Drowning in Plums? Make Plum Wine

This year Home & Hearth has finally taken shape and one commitment I made was unless I had something really worth sharing I did not want to add to the overly crowded blogosphere. But here is the problem, no one is making Plum Wine or talking about making great Christmas Pudding. Yes, these things fill me with so much excitement I can hardly contain it. Not to share this knowlege and the ease in which these glorious items can be made seems downright criminal. It has become abundantly clear to me that while everyone and their brother is watching Food Network and HGTV, the percentage of people actually cooking is rather low, simply because some of the stuff is so daunting. So without further ado, lets make some plum wine people! Its super simple, you have the stuff at home and if you are anything like me you will have cracked into the first jar well before it ready because its tasty and your excited to drink the fruits of your labor.

While Plum wine may be a rather new concept here in the states, this stuff has been around in Japan for years. Umeshu plum wine is fruit that has been fermented in a distilled spirit. In 1697, the “Honcho-Shokkan” book of Japanese cuisine was written and Umeshu shows up. Most notably described as a, “… medicinal agent that stops the accumulation of phlegm, relieves parched and sore throats, and dissolves poisons,” this beverage was quite the hit. Additionally, in the last 300 + years this elixir has been used to treat cholera, intestinal issues, and various other maladies.

Now that we have had our history lesion and you are all yawning, let’s make some plum wine. Traditional umeshu uses a particular ume plum but since you may have an abundance of plums in season locally, please use those and embrace the variety. I chose to use emperor plums since we were drowning in them at the farmer’s market.

What you will need:

3 Cups of Sugar

3 lbs of Plums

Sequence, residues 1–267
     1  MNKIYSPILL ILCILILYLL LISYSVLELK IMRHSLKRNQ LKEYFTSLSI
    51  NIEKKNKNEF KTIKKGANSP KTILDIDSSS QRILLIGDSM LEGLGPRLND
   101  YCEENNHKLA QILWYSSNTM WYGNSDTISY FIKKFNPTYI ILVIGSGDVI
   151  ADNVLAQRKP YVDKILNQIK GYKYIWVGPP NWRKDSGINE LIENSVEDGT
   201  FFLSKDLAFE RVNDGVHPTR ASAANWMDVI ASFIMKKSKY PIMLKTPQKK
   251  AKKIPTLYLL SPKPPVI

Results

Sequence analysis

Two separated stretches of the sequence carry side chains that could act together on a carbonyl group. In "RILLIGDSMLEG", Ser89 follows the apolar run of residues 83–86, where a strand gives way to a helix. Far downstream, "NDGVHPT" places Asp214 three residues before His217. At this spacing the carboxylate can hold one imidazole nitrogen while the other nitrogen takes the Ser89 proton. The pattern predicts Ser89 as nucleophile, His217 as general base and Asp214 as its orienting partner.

750 ml of a good vodka

  1. Wash and dry those plums. Meanwhile, wash the jars that will be used for the fermentation. Plain 1 Pint Ball canning jars are what I had on hand and I used 5. If your new to the sterilization game, throw those bad boys in the oven for 15-20 minutes or place them in some boiling water and let them go. If you are feeling particularly lazy and will be fermenting in the fridge, throw an ounce of alcohol in the jars, put the lid on and give them a shake then dump out.
  1. Next layer plums and sugar in jars until all are stuffed in. If you use smaller jars (1pts) you will notice fruit and sugar will come to the top of jars.
  1. Fill jars ¾ full with vodka. The plums are going to relax over the next few months and really let themselves go. When they do they are going to get juicy and that needs some room to expand.
  1. Screw those lids on, date the jars, shake until sugar is dissolved, and throw in the fridge. Shake periodically over the next week to incorporate any sugar that has settled. By the end of the first week of fermentation all sugar had dissolved.
  1. Wait a minimum of 3 months preferably a year. Although I say this with a smile. While this truly is something to behold at around year one filled with richness and complexity of flavor. This beverage has this floral quality that’s equally as appealing when mixed with some seltzer at around the 2-month mark. If your feeling wild, live a little and crack open a jar. Hence the beauty of a 5 jar fermentation. If you crack one you don’t disturb the rest.